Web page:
Set up your back-to-school Windows computer in minutes using Ninite

I’ve been using Ninite for years. It’s basically a one-stop “app store” for Windows PCs which offers dozens of commonly-used free programs like Chrome, Firefox, iTunes, VLC media player, Dropbox, and so on. The trick is that Ninite makes the installation process absurdly streamlined and simple.

First, on their website, you click the checkboxes next to the programs you want:


Then, you download one small installer file, run it, and enjoy a cup of coffee while every program is automatically downloaded and installed:


Ninite automatically declines all spammy installer options (like changing your homepage or installing browser toolbars), so you’re left with 100% clean installations of all your favorite programs.

It feels like there should be some kind of catch, but in my years of using this service, I haven’t run into any. Ninite’s business model is to win over individual users with an awesome free service so that their institutions might spring for the enterprise-grade version of the service. (It’s a common business model, of course– Dropbox and Google certainly do the same thing.)

Ninite simply does its job, and it does that job well. Go check it out!

September 17, 2013Permalink 4 Comments

Twitter for Teachers: Quick and Easy PLN

This guest post by Derrick Waddell was previously published in his blog, Teach the Cloud.

Aspiring and current educators frequently ask me how I keep up with the latest in ed tech. I always reply with the same three things: 1) read and write blogs, 2) join and participate in Twitter, and 3) listen to podcasts.

In part one of this three-part series, I told you about my favorite education and technology podcasts. In my second post, I introduced you to some of my favorite ed tech blogs. Now, I want to share my thoughts on Twitter.

Twitter, as you probably know, is a microblogging site that allows you to post updates of 140 characters or fewer. Think Facebook status updates without all of clutter of a Facebook page. Sure, you’ll find no shortage of people who post what they had for lunch or quote song lyrics. Twitter is crowded with idle celebrity gossip and political diatribes. Still, you choose who to follow and who follows you, so it’s easy to avoid the negatives and focus on the positives. Here are my three favorite uses for Twitter.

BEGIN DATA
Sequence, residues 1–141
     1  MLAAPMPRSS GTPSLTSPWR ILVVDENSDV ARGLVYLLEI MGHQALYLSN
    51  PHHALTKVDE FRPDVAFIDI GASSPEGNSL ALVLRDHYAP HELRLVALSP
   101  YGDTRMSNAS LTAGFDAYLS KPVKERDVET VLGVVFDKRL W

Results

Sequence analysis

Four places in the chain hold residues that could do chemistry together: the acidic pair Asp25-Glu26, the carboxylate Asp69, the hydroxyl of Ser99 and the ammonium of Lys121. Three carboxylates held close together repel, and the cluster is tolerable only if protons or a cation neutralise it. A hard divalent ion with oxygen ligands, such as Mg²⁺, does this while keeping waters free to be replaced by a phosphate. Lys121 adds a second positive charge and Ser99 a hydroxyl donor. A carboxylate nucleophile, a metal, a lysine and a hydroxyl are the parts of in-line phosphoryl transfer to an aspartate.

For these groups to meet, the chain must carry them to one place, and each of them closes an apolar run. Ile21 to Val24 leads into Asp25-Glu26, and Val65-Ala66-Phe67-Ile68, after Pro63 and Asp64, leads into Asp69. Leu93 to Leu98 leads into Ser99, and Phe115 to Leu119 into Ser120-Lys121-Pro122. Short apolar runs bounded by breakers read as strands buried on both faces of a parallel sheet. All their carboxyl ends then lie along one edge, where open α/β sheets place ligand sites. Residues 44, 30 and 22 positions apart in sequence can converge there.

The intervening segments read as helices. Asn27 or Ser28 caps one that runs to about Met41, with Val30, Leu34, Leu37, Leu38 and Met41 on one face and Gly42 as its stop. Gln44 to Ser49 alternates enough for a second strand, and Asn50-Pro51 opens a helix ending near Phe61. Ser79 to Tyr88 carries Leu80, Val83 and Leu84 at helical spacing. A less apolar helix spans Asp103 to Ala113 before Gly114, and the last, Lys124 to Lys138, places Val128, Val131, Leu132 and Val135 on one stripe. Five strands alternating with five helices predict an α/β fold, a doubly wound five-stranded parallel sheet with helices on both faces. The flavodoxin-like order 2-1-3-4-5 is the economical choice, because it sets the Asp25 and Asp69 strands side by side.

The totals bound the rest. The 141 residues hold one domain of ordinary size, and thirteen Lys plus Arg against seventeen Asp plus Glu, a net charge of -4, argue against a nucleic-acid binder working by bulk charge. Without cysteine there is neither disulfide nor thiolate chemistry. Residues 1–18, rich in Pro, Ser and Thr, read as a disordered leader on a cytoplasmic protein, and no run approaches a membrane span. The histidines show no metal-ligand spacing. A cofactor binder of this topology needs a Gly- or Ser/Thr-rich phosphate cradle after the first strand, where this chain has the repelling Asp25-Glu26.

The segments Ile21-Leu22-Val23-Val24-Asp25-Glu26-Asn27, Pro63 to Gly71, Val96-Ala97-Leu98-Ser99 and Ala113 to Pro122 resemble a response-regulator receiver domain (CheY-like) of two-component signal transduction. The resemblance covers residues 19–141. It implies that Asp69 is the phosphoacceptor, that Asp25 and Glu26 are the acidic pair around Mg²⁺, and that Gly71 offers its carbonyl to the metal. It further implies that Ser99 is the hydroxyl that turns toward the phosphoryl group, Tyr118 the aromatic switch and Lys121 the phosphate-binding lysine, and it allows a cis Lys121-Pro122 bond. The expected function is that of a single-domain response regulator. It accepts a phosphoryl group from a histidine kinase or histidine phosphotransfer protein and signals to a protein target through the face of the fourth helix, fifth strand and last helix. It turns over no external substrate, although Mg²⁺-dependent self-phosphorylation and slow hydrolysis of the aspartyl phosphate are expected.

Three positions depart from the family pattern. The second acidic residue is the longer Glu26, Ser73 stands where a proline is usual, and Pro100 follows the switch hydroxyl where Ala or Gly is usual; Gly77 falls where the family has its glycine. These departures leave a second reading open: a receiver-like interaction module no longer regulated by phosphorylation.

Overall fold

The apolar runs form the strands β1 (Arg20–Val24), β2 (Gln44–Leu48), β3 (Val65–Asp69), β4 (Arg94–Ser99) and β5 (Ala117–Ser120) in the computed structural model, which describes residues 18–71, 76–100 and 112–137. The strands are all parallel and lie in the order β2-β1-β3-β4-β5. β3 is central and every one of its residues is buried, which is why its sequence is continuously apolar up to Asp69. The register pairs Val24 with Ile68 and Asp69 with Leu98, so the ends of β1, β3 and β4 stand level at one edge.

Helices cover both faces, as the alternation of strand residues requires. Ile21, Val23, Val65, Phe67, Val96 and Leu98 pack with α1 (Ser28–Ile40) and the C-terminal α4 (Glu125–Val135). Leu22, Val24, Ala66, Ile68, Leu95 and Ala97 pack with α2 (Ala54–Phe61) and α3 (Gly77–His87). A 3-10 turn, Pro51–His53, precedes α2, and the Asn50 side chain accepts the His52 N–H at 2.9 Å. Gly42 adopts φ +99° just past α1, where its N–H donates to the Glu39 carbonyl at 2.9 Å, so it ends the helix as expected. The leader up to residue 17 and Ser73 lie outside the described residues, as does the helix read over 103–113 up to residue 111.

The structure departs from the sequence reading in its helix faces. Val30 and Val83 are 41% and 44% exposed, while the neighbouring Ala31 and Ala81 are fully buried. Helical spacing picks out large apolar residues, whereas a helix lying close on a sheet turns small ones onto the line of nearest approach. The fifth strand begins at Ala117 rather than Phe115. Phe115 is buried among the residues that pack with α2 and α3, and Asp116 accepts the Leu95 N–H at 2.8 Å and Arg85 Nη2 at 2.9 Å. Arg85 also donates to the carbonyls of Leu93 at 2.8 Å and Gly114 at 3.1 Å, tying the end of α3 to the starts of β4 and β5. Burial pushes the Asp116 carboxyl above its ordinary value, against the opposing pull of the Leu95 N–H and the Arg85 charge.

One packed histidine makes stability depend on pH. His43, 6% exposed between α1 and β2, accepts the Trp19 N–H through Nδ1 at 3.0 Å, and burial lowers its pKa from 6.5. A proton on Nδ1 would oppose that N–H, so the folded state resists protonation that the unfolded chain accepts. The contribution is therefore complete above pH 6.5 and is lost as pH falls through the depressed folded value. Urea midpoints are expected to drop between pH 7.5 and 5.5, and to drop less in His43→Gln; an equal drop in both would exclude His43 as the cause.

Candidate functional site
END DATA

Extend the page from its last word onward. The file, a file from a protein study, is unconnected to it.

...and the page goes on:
Twitter is a great place to learn. Since joining Twitter, I’ve found countless sites to improve my classroom instruction. I’ve seen hundreds of resources and blogs that have taught me more than any professional development workshop that I’ve attended over the years. My suggestion is to find a few educators to follow, look at their followers, find some you like, follow them, and repeat until your feed is full of outstanding educational resources. Another good option is to search for hashtags that may give you a list of potential resources to follow. Here is a list of hashtags that may help.


I am a teacher. I love to share my knowledge with others. While my blog gives me an outlet for more in-depth discussions, Twitter is a way to quickly and easily share with other educators, whether it’s my opinion on a topic, a link to a blog post, a new web tool, or a retweet.


Imagine you’re at a conference. You meet a few people in each session you attend and maybe a few over lunch. You exchange ideas and business cards and learn what you can from each other in the space of a few hours. Now imagine that the conference never ends and those few people are thousands. It becomes a continual networking session where you can meet other like-minded professionals and make lasting professional relationships.

Twitter is an amazing tool, but just as a hammer only works when you swing it, Twitter only works when you use it. Jump in and participate. Search hashtags, find people to follow, ask questions, answer questions, learn, and share. If you do, Twitter will become an invaluable tool.

Here are a few resources that will help you get started on your Twitter journey:

An Educator’s Guide to Twitter – Live Binder by Steven Anderson

Twitter 101: Clarifying the Rules for Newbies – Post by Corvida Raven

Seven Posts from Free Technology for Teachers

1 2 3 4 5 6 7

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Twitter for Teachers: Quick and Easy PLN by Derrick Waddell is licensed under a Creative Commons Attribution 3.0 Unported License.

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10 QR code ideas

This guest post by Michael Zimmer was previously published in his blog, The Pursuit of Technology Integration Happiness.